Skills are a risky investment

[What follows was written for a UK audience, but most of it fits the USA as well.]

A shortage of skills is a source of perpetual anxiety within Britain’s political class. Here’s Tory backbencher Dominic Raab, a few months back in the Telegraph:

The next great problem is our chronic skills gap, which saw Britain plummet down the international rankings in maths, literacy and science. Labour’s arbitrary goal of getting 50 per cent of youngsters into university led to the proliferation of what one of its ministers called “Mickey Mouse” courses, which have benefited neither the students nor the economy. A 2005 Ofsted report found that almost half of those in their twenties said their education had not prepared them for their first job. Far from blaming Europe for this, Michael Gove is rightly learning from it – promoting innovative Swedish-style free schools and a more German emphasis on vocational training.

If we put aside the sniping at Labour and the currying of Gove’s favour, most of this could actually have been written by any of hundreds of politicians from any party at any time in the past thirty years: the schools aren’t delivering the goods, and we don’t do near as good a job at vocational training as the Germans. The skills gap feeds an endemic collective anxiety, the root of the county’s endless obsessive-compulsive re-engineering of its education system – because, surely, finding the right curriculum, the right way to teach, to test, or to select and motivate and cull teachers, is the key to setting this situation right. As for vocational education and apprenticeships, the on-going, multi-party failure in that area could lead one to believe that our Oxbridge-educated leaders can’t bring themselves to really care about something so far from their collective experience: true, perhaps, but like the anxiety about primary and secondary education it misses the point.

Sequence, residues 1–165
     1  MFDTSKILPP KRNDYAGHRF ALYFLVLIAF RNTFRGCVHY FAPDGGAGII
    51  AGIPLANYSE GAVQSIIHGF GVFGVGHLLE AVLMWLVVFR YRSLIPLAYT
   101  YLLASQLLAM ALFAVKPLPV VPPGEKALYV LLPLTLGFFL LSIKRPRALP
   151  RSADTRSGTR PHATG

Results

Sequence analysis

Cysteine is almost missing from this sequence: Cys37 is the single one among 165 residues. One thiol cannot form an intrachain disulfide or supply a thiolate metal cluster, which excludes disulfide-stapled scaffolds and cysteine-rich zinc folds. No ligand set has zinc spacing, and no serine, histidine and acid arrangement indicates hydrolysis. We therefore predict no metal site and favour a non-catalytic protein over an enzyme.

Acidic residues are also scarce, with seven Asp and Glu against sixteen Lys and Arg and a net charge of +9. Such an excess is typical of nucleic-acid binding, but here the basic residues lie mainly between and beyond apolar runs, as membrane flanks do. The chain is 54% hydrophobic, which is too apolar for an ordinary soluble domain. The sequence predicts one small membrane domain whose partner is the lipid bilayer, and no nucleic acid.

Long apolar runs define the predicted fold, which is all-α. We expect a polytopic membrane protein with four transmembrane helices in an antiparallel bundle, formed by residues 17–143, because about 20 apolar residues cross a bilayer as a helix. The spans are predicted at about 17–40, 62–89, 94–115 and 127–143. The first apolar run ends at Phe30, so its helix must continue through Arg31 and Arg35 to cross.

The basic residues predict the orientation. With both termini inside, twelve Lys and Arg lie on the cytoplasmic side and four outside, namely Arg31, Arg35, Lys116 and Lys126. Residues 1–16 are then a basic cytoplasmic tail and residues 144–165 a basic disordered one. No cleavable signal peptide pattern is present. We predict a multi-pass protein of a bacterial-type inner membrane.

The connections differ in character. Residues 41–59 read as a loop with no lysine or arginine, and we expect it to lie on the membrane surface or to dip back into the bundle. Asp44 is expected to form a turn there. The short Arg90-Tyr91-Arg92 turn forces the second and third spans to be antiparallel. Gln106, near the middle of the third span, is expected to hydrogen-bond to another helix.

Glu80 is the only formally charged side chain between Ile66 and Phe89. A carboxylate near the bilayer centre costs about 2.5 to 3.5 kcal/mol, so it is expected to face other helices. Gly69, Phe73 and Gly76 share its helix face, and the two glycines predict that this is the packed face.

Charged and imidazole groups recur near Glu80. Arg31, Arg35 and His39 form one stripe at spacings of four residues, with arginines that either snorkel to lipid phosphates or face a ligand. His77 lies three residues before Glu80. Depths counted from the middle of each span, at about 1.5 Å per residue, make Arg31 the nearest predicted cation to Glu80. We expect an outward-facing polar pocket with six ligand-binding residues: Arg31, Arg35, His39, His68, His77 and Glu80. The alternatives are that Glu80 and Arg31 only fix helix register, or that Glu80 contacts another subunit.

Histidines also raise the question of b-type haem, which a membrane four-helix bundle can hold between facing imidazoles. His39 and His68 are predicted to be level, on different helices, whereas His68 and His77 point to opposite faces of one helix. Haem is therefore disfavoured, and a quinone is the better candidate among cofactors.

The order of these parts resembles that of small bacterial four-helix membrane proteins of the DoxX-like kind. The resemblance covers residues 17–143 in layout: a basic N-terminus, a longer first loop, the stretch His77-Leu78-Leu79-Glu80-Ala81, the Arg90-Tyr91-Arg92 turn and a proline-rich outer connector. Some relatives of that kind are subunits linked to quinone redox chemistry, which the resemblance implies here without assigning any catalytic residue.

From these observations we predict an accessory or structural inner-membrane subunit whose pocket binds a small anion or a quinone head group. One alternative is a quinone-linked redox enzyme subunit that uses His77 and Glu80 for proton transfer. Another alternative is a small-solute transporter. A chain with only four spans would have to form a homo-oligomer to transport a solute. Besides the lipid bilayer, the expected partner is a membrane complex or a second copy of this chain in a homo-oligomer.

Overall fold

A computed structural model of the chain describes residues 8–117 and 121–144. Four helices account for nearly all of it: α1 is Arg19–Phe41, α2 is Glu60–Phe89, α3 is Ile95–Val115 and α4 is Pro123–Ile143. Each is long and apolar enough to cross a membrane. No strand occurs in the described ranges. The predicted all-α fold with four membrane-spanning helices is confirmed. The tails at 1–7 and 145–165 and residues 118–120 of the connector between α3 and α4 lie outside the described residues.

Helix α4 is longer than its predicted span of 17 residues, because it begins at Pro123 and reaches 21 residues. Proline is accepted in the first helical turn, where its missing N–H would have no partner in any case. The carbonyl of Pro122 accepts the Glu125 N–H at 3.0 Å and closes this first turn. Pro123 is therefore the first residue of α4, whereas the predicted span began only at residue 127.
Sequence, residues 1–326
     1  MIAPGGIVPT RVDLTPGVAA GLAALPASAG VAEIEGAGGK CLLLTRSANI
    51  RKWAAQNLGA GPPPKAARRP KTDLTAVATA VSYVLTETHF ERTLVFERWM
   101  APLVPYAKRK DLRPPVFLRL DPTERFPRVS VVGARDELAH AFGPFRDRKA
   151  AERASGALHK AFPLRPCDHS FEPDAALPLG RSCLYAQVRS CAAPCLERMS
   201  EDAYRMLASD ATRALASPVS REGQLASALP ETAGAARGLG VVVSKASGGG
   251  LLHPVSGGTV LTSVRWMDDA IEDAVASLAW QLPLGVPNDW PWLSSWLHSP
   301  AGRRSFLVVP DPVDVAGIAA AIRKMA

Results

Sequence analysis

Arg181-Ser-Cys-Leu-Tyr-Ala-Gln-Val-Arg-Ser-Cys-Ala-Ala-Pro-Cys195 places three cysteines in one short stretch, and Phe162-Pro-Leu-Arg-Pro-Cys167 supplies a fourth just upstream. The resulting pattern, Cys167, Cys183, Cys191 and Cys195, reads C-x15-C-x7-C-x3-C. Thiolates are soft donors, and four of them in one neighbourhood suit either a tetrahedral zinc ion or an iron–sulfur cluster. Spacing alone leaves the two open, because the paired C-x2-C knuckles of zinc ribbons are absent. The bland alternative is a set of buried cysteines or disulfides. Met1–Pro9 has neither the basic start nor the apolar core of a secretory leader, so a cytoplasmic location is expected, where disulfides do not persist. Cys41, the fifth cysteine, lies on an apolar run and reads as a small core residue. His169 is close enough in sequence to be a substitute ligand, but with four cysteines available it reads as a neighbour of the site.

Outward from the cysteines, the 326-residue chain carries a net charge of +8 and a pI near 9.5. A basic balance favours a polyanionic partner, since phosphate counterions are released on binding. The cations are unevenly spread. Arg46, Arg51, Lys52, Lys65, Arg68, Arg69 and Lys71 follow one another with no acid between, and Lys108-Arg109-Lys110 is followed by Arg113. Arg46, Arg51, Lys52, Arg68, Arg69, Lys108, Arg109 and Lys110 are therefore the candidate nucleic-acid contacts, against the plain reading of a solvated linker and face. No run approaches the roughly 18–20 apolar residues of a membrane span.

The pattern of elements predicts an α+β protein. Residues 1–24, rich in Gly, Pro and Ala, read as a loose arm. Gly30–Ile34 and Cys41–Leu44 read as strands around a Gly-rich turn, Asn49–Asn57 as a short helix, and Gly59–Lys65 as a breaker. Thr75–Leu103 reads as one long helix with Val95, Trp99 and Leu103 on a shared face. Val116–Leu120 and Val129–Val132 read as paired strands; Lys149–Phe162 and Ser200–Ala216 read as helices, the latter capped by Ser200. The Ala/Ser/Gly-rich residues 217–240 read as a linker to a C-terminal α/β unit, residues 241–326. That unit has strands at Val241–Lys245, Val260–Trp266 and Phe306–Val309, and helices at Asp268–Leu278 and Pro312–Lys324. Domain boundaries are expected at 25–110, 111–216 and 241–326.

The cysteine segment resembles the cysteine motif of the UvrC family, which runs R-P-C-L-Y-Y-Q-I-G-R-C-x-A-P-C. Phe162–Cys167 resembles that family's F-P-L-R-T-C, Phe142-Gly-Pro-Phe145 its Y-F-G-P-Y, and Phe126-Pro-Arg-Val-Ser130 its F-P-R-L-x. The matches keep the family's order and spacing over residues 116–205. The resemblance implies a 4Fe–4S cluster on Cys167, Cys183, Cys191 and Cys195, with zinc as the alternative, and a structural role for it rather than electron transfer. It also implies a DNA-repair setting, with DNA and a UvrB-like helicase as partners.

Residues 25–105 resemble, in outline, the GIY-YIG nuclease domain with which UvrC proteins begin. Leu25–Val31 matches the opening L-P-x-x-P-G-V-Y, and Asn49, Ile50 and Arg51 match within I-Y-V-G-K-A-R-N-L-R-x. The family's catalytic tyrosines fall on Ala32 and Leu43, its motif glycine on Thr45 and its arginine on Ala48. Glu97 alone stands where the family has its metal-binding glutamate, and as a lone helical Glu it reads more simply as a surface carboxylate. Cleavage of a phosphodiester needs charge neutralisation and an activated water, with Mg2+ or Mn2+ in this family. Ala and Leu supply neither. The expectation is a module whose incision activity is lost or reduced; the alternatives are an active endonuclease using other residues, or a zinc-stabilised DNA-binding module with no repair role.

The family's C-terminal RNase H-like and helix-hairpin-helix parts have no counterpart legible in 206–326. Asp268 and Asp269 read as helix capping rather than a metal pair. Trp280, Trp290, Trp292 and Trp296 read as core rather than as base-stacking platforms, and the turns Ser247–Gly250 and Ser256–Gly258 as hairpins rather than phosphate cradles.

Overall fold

The real problem, Continue reading

The richer get richest

Margaret Jacobson and Filippo Occhino of the Federal Reserve Bank of Cleveland provide a nice charting of changes in

* the shares of income going to labor (wages, salaries) and to capital (profits, interest) from 1947 to present, and
* the concentration (i.e., inequality) of income within each share, from 1979 to present.

The data are for the USA. The share of income going to labor has been declining for some time – since 1970 or 1980, depending on which data series you use.